The obesity epidemic, downward trend, or whatever you want to call it, is simply getting worse and worse and worse. It’s not getting better. It’s not slowing down. It’s not even plateauing. It’s just getting worse.
How bad is it? See the US state-by-state comparison in this new short video:
Yes, there is an elephant in the room here. And as I mentioned in the video,
If you want to help the obesity epidemic, then don’t become part of it.”
Here are 5 out-of-the-box ways to make this happen. And no, I’m not just going to tell you to drink more water, not eat processed foods, and start exercising. It goes way deeper than that.
N’Obesity Tip #1: Have more respect for our food
Yeah that’s right. Have more respect for our food. Because right now it seems like eating is a mindless autopilot thing we do just to get through our day. We shovel plants and animal carcasses in our mouths when we get hungry without considering what it is or where it comes from. Consider:
Am I mindlessly eating or mindfully eating?” – you talking to yourself
Mindfully eating means to be more aware of what we put into our bodies and to fully immerse ourselves in the eating experience. No, this doesn’t involve shaving your head and moving to the Himalayas. It simply involves making the connection between the food and our self. Experts like Niki Driscoll can teach you how to eat so mindfully you’ll have a foodgasm.
N’Obesity Tip #2: Teach children what food is and where it comes from
Where does our food come from? Wal-Mart? Kraft Foods? McDonalds? This is what is taught and expected.
The other day I was at the park eating a plum, by far one of my favorite fruits. A 12 year old girl approached me asks, “What is that you’re eating?” I was pretty shocked that she had never seen a plum before. A papaya… ok maybe. But a plum?!?!?
In reality, most children only know about apples, oranges, bananas and grapes… if they’re lucky. The average person only eats about 12 different foods in a year. Consider for a moment about what kind of variety you’re getting. Go ahead and count it.
One of the biggest drivers of this limited variety is our illusion of options at the store, especially in the processed foods sections. No, fruit loops and captain crunch are not 2 different foods. It’s corn. As a matter of fact, almost all processed foods are made up of corn, soy, wheat, and/or sugar. Oh, and a laboratory of preservatives, artificial colors and flavors, and synthetic vitamins too.
So where does your food come from? What are you eating? And are we teaching our children to follow suit or ask these questions too?
N’Obesity Tip #3: Have more respect for our body
You only get issued one body in life. Returns are not accepted.
How can we respect our body if we don’t respect our food? And how can we respect our food if we don’t respect our body? These two go hand-in-hand.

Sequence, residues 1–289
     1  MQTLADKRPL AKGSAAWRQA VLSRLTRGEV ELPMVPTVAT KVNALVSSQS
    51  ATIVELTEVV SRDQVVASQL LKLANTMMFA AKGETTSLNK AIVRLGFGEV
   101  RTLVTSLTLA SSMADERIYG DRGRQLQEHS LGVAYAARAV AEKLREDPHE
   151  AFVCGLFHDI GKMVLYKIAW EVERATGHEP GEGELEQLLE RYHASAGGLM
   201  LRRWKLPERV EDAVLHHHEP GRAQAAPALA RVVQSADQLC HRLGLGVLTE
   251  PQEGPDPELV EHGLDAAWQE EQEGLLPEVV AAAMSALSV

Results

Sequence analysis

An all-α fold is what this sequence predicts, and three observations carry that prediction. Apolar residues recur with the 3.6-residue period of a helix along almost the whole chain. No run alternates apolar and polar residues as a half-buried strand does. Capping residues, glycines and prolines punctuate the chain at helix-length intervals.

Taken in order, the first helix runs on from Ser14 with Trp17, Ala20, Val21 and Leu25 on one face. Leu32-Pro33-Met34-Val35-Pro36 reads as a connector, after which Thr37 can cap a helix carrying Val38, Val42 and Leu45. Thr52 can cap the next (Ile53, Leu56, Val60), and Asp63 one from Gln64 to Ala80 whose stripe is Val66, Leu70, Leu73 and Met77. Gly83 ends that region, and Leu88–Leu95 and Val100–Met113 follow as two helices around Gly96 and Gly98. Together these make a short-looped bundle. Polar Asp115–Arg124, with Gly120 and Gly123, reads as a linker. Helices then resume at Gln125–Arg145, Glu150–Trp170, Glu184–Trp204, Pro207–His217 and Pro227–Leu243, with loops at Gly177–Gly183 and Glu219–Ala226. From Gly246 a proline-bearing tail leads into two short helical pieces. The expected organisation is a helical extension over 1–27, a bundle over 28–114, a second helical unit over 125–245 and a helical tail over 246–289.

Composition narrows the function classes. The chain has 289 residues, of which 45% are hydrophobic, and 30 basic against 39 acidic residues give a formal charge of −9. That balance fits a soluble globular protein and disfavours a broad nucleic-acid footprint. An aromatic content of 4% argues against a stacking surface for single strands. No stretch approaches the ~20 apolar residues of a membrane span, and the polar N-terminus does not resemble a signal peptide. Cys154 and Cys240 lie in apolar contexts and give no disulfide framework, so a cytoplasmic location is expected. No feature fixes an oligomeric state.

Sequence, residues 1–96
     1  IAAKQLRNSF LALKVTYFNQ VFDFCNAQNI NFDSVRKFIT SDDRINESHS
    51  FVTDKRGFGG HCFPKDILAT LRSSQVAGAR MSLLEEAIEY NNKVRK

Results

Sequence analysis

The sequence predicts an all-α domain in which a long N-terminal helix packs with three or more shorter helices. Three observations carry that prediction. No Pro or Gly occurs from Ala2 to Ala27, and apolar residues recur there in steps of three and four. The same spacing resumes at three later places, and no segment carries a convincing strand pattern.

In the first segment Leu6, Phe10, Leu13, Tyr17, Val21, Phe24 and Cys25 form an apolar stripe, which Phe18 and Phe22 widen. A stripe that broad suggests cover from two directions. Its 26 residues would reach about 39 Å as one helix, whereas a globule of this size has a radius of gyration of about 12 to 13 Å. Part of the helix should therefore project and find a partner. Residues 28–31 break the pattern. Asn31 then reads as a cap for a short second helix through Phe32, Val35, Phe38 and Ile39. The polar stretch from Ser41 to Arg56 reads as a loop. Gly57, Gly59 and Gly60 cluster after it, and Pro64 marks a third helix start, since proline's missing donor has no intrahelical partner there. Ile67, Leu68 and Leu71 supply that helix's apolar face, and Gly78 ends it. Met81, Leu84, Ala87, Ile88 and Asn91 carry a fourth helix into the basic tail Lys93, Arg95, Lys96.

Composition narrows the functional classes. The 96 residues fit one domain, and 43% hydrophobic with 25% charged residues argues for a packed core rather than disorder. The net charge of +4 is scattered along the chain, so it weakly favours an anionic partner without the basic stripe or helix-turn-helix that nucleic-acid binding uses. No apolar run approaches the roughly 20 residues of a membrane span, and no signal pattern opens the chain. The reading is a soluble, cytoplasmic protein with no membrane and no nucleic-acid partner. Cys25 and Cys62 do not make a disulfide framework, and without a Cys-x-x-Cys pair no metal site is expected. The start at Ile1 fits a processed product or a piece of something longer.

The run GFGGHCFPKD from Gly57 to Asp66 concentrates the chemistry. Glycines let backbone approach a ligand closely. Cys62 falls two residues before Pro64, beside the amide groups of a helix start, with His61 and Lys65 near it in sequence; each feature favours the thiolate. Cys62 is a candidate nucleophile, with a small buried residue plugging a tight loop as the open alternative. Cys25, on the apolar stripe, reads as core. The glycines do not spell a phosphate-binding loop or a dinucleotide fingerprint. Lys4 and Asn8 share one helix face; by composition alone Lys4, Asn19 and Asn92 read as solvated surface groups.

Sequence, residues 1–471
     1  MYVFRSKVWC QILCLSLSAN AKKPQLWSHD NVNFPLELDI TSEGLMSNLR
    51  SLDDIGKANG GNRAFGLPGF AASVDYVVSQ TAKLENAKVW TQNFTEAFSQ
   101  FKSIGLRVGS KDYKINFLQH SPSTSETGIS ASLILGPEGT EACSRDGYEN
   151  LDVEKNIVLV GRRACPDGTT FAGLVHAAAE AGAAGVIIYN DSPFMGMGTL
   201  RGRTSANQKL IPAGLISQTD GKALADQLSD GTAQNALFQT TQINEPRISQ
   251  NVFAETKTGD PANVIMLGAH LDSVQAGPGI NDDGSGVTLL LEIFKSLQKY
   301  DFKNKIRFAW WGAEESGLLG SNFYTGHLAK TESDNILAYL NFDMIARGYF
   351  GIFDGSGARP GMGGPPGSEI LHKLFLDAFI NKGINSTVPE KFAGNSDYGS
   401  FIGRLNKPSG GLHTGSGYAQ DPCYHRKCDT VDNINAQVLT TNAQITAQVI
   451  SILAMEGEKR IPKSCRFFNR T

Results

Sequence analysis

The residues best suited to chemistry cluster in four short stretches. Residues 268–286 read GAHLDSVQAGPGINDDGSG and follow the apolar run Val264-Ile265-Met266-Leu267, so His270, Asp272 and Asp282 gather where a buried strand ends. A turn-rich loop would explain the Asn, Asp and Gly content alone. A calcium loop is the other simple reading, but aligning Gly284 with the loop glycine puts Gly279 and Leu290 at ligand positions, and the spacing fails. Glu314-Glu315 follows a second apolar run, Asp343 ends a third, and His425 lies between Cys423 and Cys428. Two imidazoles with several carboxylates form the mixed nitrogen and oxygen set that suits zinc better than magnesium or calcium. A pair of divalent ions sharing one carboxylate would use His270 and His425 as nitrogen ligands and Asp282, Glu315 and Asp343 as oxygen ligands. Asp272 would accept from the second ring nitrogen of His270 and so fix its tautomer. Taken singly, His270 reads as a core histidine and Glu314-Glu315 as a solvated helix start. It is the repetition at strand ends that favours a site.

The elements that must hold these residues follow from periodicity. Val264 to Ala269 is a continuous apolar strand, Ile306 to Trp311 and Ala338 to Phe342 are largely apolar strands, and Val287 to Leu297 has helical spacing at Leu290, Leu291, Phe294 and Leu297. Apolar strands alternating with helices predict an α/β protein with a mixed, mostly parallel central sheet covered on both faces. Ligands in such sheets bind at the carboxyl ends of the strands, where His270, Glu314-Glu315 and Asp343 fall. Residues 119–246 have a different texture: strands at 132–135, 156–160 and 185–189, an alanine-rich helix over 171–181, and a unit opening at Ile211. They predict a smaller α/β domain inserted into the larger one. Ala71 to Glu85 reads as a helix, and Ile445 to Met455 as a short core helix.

When we are more mindful of our eating choices and choose more wisely, the body will follow suit. The body reflects back to us exactly how we treat it.
N’Obesity Tip #4: Honor our individual needs
Of course the Metabolic Me guy is going to say this one. But seriously, the food pyramid is terribly flawed. For one, because it’s a cookie cutter, one-size-fits-all solution, and what individual needs that? But what I really want to know is this…
Did the processed food choices help shape the Food Pyramid?
Or did the Food Pyramid shape the processed food choices?
No, I’m not claiming any sort of conspiracy here. I’m just implying that whoever is responsible for creating the Food Pyramid probably got extra lobbying (a.k.a. money) from the processed food manufacturers who primarily use corn, wheat, soy, and sugar.
N’Obesity Tip #5: Make time for your food
If you make time for your food, then it won’t have to be fast food or processed food from a box or wrapper. Slow down. Breathe a little. The slow food movement is really on to something here.
Oh, but if I slow down and breathe, then I won’t have time to be productive!” – Anonymous**
Come on now, you don’t have time to cook your food that is going to be your fuel for the whole rest of the day? Making a little extra time is easier than you might think.
Making time for our food is the culmination of the above four points. When we cook our food, we better understand what it’s made of and are directly responsible for every ingredient. The chances of Red 40 is much less, and you may just branch out beyond your 12 staple foods, start adding more variety in your diet, and ultimately, become more mindful about your food and your body.
And maybe, just maybe, the obesity epidemic might finally start turning around.
** Anonymous has a 33% chance of being overweight or obese.